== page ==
Suhakam however accepts in principle that this notification requirement is to enable the authorities to meet their duty to facilitate the assembly, to protect public safety, prevent any possible disorder or crime and to reroute traffic if necessary. The UN Human Rights Committee held that “a requirement to notify the police of an intended demonstration in a public place 6 hours before its commencement may be compatible with the permitted limitations laid down in Article 21 of the International Covenant on Civil and Political Rights (ICCPR).”

Suhakam therefore recommends further review of this notification period to reflect a more responsive approach to human rights within the ambit of the law. To reflect the amendment to Section 9, Suhakam notes that Sections 12 and 16 of the PAA are accordingly amended that shall shorten the time frame to object or appeal to the Minister from 48 hours to 24 hours following notification of an assembly.

Suhakam also notes the introduction of a new Section 21A whereby the police having consent from the Public Prosecutor may opt to compound up to RM 5,000 in lieu of prosecution any offence punishable under Sections 9 and 15. Suhakam reiterates its position against the punitive element of these provisions as criminal sanctions should not, as a matter of principle, be used in response to a peaceful assembly.

Nevertheless, in view of the existing law, Suhakam further recommends the implementation of safeguards against delays and abuse of process that may cause prolonged and arbitrary detention of persons and their property. To this end, written offers to compound offences should be in a standard form, and release of arrested persons who have paid the compound must be immediate. The release of any goods or documents seized in connection with the same arrest must be unconditional. These safeguards should be reflected in an additional Schedule or Regulations pursuant to the PAA.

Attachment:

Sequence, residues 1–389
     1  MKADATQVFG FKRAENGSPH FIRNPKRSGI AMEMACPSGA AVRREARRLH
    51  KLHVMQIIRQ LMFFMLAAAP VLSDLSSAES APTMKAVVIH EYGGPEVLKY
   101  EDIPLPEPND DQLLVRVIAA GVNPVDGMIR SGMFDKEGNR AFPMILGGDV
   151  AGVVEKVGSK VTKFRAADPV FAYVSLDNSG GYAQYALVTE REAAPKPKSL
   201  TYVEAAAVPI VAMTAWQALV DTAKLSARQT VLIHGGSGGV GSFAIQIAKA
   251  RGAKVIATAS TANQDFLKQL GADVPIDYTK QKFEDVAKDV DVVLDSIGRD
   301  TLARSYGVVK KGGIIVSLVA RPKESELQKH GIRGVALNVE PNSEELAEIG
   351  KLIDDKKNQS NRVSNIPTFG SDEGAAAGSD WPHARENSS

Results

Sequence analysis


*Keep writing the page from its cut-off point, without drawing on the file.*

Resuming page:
The deplorable practice of chain remand must also be avoided, with a view to eradicate the practice entirely and immediately. In any exercise of police and prosecutorial powers under this new Section, Suhakam urges the authorities to ensure that the fundamental liberties and rights of the arrested person and his property, as protected under the Federal Constitution, including his right tolegal representation, must always be respected.